Thursday 21 January 2010

Poetic People (30): Sir Andrew Motion's Line, Part ii

'Don't tell me the moon is shining; show me the glint of light on broken glass.'
Anton Chekhov

My thanks, thus far, to Mand (of the Travel Hopefully blog) and to Aidan Baker (Librarian at the Haddon Library, Archaeology and Anthropology, University of Cambridge) and for their comments on my previous post (here) on the subject of Sir Andrew Motion's views on the teaching of Creative Writing in universities.

Thank you, too, to those who have voted in my poll.

Aidan Baker refers us on to another article, this time by Louis Menand in the New Yorker (June 2009). The link to this article is here.

If you have not voted in my poll yet (top right of my blog), you might like to read Menand's piece first - but please remember to vote!
Postscript: On the subject of 'new writing' (well, what was once a new way of presenting writing, in this case), do read the marvellous quotation in paragraph 3 (beginning 'an essentially superficial process...') in Professor Henry Farrell's review in the current edition of the THES of A Better Pencil: Readers, Writers, and the Digital Revolution by Dennis Baron (OUP, £13.99, ISBN 9780195388442). Henry Farrell is associate professor of political science and international affairs, George Washington University.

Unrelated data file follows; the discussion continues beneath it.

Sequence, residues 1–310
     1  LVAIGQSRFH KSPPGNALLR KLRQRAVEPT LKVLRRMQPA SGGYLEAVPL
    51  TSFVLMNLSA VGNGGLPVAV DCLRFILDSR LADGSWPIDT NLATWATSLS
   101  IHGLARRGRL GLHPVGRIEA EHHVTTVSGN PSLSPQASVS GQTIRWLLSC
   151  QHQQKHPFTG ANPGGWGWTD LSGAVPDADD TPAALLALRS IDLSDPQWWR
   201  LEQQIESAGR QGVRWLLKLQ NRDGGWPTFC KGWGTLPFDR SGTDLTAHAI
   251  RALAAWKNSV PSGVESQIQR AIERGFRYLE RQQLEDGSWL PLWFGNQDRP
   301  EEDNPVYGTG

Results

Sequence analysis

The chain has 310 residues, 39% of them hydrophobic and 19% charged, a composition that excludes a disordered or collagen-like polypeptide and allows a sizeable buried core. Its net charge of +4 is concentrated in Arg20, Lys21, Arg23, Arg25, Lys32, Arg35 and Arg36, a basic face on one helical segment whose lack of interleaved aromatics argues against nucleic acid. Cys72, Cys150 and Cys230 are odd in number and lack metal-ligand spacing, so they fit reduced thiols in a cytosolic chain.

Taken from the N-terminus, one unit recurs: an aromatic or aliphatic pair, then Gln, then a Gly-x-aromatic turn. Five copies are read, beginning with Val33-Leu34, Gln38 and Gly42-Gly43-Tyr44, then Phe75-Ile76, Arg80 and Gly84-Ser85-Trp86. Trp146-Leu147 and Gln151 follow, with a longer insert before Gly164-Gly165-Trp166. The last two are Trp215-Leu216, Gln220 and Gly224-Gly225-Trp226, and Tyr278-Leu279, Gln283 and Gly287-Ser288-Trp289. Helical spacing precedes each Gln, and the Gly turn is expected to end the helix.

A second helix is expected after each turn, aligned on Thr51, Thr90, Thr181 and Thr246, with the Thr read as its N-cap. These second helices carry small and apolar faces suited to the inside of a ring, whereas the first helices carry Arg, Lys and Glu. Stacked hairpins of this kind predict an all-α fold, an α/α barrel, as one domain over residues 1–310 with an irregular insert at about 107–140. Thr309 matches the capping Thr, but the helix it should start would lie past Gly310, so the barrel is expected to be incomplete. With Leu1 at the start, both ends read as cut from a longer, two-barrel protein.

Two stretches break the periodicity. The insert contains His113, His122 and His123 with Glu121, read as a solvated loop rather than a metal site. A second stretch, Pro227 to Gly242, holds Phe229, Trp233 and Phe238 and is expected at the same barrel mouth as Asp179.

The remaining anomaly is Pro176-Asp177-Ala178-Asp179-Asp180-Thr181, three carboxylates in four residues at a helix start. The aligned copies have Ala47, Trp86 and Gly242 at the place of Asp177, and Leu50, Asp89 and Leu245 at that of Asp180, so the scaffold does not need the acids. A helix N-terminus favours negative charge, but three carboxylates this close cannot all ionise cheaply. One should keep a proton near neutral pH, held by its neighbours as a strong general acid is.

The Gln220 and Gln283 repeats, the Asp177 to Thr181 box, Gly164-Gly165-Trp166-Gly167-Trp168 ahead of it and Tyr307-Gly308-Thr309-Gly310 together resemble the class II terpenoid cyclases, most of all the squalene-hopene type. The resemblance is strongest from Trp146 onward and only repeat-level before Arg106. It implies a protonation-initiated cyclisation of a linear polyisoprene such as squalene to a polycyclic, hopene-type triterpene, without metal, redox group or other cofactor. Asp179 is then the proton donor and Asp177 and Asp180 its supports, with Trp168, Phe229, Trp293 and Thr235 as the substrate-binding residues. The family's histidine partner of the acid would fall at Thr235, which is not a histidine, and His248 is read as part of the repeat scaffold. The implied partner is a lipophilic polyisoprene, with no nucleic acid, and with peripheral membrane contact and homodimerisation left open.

1 comment:

mand said...

Talking of Andrew Motion, i've just come across Tellus magazine which is 'a shared space for new poems which engage contemporary minds by engaging with ancient civilisations, be that with their mythical imagination, political propaganda, cosmology, architecture, social stereotypes, literary works, cultural obsessions or jokes'.

And now i'm off to read that New Yorker article. Before reading it, i definitely feel the craft of writing is teachable, just as grammar can be formulated, though i suspect the art or talent involved is innate.

Now to see if my view changes.